Though the strategy can and most likely will evolve over time, it is essential to invest time and effort in initially creating a concise and well-thought-out strategy. Especially with regards to the importance of a clearly defined strategy as an absolute prerequisite for the data governance framework, this investment will pay off! Hence the question: What do you have to think of in order to avoid any impediments? Before you can define actionable items on your roadmap, a deep understanding of the business strategy, the underlying business model and its implications for your data strategy are indispensable. While this may sound very trivial it often seems to be overseen and when implementing the strategy, the “obvious” gaps become apparent. The overall business objectives tend to dictate the short-term roadmap. This usually boils down to inadequate quality of data, which represents the fundament of any further data management actions. Questions that quickly unveil potential improvements are:
- What is our highest priority target for the years to come?
- Where is data a central part of our business processes and what impact does it have on our quality / margins / customer satisfaction?
- Which business processes have only partially or not at all been digitized and why?
- Which internal factors are currently posing limitations to our ambitions?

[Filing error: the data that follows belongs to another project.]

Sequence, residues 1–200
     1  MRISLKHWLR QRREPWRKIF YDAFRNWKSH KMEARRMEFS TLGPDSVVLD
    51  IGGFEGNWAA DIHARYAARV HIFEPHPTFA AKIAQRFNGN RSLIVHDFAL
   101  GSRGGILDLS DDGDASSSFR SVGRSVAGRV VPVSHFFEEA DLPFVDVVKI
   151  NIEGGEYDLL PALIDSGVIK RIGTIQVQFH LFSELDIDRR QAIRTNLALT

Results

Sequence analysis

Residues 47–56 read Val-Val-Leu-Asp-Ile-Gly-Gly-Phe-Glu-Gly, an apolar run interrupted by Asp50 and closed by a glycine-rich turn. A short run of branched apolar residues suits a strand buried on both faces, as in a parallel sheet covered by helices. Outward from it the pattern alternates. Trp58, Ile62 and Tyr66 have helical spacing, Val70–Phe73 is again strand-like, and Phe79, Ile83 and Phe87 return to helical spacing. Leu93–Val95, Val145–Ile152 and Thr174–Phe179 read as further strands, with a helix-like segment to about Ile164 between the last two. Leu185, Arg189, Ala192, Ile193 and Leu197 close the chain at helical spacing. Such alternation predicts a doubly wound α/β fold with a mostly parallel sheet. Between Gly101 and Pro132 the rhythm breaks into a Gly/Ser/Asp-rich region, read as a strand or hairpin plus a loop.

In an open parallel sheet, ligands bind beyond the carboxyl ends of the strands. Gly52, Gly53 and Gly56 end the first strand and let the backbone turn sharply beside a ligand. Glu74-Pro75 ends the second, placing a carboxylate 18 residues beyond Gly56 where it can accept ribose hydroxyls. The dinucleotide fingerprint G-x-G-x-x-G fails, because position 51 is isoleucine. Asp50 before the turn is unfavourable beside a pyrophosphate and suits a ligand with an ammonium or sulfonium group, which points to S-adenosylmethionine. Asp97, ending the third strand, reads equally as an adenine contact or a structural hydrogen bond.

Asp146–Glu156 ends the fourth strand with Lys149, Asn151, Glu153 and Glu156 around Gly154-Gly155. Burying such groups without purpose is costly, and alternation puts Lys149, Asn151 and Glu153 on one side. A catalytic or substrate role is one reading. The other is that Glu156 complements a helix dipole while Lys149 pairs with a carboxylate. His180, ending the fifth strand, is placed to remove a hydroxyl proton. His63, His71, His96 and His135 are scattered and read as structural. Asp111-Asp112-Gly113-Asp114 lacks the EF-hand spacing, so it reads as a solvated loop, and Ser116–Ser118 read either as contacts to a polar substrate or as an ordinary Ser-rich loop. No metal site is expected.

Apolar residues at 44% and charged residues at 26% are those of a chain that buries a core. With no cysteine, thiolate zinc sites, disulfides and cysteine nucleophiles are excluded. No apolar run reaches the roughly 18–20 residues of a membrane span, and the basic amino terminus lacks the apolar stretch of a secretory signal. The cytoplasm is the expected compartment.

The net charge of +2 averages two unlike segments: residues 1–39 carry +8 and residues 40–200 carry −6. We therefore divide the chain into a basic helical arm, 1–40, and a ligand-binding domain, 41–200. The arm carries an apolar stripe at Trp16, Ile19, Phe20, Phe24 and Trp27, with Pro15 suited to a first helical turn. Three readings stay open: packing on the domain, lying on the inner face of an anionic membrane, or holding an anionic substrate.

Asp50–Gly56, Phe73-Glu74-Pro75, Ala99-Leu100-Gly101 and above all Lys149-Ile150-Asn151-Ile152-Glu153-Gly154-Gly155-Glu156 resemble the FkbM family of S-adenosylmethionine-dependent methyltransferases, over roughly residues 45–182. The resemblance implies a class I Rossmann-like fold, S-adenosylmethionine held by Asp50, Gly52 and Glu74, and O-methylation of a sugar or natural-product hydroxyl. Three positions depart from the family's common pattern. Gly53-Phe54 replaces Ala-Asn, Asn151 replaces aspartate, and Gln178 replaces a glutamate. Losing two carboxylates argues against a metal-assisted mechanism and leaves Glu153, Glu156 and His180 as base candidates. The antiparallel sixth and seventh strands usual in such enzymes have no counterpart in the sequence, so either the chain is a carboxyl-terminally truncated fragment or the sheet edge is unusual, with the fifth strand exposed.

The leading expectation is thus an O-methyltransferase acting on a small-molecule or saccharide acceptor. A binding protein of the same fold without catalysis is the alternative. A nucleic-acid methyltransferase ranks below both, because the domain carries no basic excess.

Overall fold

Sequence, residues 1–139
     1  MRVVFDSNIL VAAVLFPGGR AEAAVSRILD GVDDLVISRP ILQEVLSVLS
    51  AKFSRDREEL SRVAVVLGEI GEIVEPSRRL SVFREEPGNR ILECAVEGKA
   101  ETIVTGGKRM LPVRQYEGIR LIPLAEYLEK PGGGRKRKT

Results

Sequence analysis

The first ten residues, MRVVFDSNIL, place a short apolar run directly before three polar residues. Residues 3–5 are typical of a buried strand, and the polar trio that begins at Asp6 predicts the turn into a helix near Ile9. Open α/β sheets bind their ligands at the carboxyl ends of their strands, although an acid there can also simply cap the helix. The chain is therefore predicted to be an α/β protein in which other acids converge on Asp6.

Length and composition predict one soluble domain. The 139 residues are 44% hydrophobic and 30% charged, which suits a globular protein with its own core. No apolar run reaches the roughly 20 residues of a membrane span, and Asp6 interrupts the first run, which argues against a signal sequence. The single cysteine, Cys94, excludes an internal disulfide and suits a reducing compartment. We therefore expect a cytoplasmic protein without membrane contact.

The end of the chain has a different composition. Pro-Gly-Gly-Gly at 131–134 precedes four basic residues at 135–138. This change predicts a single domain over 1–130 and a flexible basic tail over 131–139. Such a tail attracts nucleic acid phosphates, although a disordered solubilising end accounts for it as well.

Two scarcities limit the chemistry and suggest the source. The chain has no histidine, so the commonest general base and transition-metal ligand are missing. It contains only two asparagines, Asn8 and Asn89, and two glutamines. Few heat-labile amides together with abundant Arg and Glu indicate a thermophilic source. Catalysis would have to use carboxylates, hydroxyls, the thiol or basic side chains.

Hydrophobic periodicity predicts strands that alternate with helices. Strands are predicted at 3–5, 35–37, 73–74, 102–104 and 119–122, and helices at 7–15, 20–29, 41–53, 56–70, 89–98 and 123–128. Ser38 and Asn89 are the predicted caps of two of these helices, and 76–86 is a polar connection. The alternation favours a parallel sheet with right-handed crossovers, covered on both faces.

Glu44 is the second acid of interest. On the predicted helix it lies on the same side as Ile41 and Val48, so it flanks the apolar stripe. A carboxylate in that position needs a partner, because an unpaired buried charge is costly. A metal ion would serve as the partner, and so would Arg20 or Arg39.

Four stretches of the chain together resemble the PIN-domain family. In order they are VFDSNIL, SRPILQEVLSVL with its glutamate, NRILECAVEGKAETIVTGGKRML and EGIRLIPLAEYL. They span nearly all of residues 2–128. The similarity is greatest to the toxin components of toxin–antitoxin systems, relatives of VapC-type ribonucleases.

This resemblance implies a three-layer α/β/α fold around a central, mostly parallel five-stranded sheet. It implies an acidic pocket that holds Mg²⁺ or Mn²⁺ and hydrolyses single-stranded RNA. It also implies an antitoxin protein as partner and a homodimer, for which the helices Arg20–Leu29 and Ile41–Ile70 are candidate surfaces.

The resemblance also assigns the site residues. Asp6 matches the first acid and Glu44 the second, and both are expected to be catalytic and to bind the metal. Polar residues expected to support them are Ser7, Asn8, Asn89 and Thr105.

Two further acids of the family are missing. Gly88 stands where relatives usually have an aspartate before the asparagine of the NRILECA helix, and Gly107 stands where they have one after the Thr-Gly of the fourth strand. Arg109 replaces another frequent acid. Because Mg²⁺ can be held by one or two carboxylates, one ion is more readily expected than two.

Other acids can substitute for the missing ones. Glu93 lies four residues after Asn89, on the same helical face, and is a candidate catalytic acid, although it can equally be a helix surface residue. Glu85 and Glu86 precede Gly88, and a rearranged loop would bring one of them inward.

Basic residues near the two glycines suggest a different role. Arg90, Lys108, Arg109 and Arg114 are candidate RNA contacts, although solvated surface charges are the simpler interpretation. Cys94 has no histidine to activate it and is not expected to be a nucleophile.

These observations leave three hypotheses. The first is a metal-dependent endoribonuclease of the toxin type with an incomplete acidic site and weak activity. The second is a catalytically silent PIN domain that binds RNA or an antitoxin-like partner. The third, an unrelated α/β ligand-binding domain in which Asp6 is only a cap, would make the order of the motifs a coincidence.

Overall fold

The answers to the above allows for evaluating the readiness based on a maturity assessment. This assessment classifies the current data management approach across multiple dimensions describing the operational & cultural coverage in the company. Figure 1: Approach in order to assess the Data Management (DM) Maturity The current infrastructure is a central cornerstone of your strategy with implications to both feasibility and additional efforts in the implementation process. Oftentimes the historically grown, heterogenous system landscape must first be unraveled and sorted to the point further systems can be implemented, without taking major risks of threatening the business. This includes reassessing whether the initial strategy, e.g. pursuing a best-of-breed or best-of-suite approach, is still valid and if so, are your current actions aligning with this strategy? It is also recommended to assess the degree of overlap between the system functionalities, which tends to happen gradually over time, due to the continuous updates in each system. Mid- to long-term roadmaps will undoubtedly include advanced data management ambitions: advanced analytics, artificial intelligence & machine learning, process mining and robotic process automation. A solid foundation is essential when globally introducing these technologies and crucial to start developing first proof of concepts (PoCs) as soon as possible. The design & potential implementation of PoCs enable a steep learning curve. The technologies that should be addressed first depends on the data management assessment outcome, e.g. a strong foundation in business process data enables self-driving processes and could potentially be an initial PoC. This leverages the available capabilities and technologies in order to increase the return for new initiatives by lowering the upfront cost, while providing the frame to learn and adapt upcoming roll-out and refinement activities. It’s crucial to build the required in-house knowledge in a controlled test environment and gradually include the real-world factors affecting the PoCs. All activities are carried out continuously over the entire period, but the focus shifts from initial basic activities to later innovation & development topics.